The Martian stars Matt Damon, Jeff Daniels, and Jessica Chastain and is directed by legendary science fiction director Ridley Scott. During a manned mission to Mars, a sand storm forces the team to perform an emergency evacuation, during which the team botanist, Mark Watney (Damon), is separated from the rest of the group and presumed dead. However, Watney survives and is left stranded in an abandoned research base, alone with minimal supplies, millions of miles away from anyone who can help him. With almost nothing to work with, Watney must cobble together ways of growing food, creating water, and contacting NASA. When NASA discovers that Watney is alive, NASA director Teddy Sanders (Daniels) and officials Vincent Karpoor (Chiwetel Ejiofor) and Mitch Henderson (Sean Bean) must find a way to supply and save Watney before his supplies run out.

Matt Damon plays a stranded astronaut in “The Martian.” (Courtesy Photo)
I was really looking forward to this film, not only because it’s directed by Ridley Scott, who directed my favorite movie, Blade Runner, but also because this movie looked like a mixture of Castaway, Apollo 13, and Gravity, three movies that I really love and a concoction I had high hopes for. The Martian did not disappoint (too much). By far the best parts of this film are when we are alone with our hero, Mark Watney, on Mars. Matt Damon performs seamlessly and the character he portrays has such a magnetic personality that you really want to spend the entire movie with this guy. His character is witty, funny, and very intelligent and the most interesting parts of the film are when he is trying to figure out how to survive on this lifeless planet. The parts of the story that take place outside of Mars, specifically at NASA, are the weaker parts of the film in my opinion. Not that these sections are bad, but they are a heck of a lot less interesting than Watney trying to MacGyver a way to survive on Mars. In addition, not many characters are fleshed out. We are supposed to sympathize and like characters we hardly see throughout the film. Also, I feel the rest of the Mars team could have been done much better. We are introduced to the Mars team in the very beginning, but the storm happens not five minutes in and after that we don’t really see them until the end of act two. Despite this, there are many plot points centered around them such as NASA not telling them that Watney is alive and the guilt that commander Lewis (Jessica Chastain) feels for leaving Watney behind to die. They all fall flat because we never really get to know or explore these people, their distinct personalities, or their friendships with Watney. This is also seen with most of the earth characters as a result of a lack of specific focus on them or their plight. This causes the viewer to not really care about the earth characters who become boring in the face of Watney’s greatness.

My main issue with the film is more a preference and suggestion for what would have made a better movie. The Martian suffers from an equal focus on Watney and his interesting Castaway plot, and NASA and its less interesting characters and Apollo 13-style plot. I feel The Martian would have vastly improved if the entire film was centered only around Watney. If the viewer never saw other people, Watney’s sense of loneliness and hopelessness would be transferred to us. If the viewer never learns that rescue is on the way from NASA, it vastly increases the suspense as to whether or not Watley will survive and will make his eventual rescue all the more satisfying because all the tension that was built up throughout the movie pays off, instead of the viewer knowing the details of his rescue. Tonally it would be a far superior film, and the focus would be on the best character and the most interesting parts. In addition, that would make more room for beautiful glamor shots of the Martian landscape, of which there were surprisingly few of in the real movie.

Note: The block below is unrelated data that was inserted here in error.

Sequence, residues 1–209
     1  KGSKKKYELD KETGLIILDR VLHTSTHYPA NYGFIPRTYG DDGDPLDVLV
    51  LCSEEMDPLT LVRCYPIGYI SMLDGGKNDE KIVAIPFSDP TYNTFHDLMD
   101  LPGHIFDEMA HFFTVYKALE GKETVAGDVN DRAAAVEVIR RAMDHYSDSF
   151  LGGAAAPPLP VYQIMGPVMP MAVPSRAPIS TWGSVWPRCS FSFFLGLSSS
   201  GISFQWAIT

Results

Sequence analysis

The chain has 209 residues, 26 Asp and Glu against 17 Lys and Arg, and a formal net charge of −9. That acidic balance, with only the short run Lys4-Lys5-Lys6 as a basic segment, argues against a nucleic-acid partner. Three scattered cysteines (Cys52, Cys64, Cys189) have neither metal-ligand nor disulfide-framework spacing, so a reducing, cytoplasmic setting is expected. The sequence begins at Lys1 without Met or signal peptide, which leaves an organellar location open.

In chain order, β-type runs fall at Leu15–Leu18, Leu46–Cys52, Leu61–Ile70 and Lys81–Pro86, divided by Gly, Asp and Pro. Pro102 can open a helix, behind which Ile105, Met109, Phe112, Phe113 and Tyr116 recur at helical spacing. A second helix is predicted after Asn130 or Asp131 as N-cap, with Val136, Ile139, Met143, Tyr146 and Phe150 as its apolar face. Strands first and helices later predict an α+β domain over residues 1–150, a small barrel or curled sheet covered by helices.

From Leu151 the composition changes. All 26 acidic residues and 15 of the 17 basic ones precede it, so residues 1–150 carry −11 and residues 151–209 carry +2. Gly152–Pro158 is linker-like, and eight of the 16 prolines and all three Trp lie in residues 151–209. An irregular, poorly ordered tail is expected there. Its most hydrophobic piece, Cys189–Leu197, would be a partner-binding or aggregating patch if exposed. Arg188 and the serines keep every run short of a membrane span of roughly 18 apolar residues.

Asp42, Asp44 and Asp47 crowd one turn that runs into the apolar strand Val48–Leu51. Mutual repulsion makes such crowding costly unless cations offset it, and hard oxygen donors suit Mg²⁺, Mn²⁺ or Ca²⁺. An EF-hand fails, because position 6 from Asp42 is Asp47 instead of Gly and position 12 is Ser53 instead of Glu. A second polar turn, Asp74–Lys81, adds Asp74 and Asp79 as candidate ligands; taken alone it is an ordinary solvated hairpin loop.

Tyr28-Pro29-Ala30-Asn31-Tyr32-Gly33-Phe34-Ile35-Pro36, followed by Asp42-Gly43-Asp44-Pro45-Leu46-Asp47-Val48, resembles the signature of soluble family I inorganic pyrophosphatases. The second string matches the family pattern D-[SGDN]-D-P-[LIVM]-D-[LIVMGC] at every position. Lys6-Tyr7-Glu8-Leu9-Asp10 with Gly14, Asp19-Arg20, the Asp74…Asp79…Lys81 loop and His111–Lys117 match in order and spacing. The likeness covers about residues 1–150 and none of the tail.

Another piece of criticism I have, although this may just be a nitpick, is towards the use of Sols as a unit of time instead of days. In The Martian, time is measured in Sols, an undefined unit of time that was used to make the film more “science fictiony.” Because the audience is never told how long a Sol is in terms we can understand, any impact as to how long Watley is on Mars is extracted. When NASA says something like “He only has enough food to last him 220 more Sols,” any tension that could have come from that statement is gone because we don’t know how long that is. It might seem like a minor problem, but it really was a tension sponge.

All in all, The Martian is great, but it could have been much better. Its grasp on an Apollo 13-style plot instead of being Castaway set in space stops it from being truly great. However, this is a massively entertaining film and was a blast to watch. The soundtrack, the acting, the majority of the story, the writing, and many characters are fantastic. If you like fun science fiction, then you will really enjoy The Martian and I will give it a B.

By Sam Finbury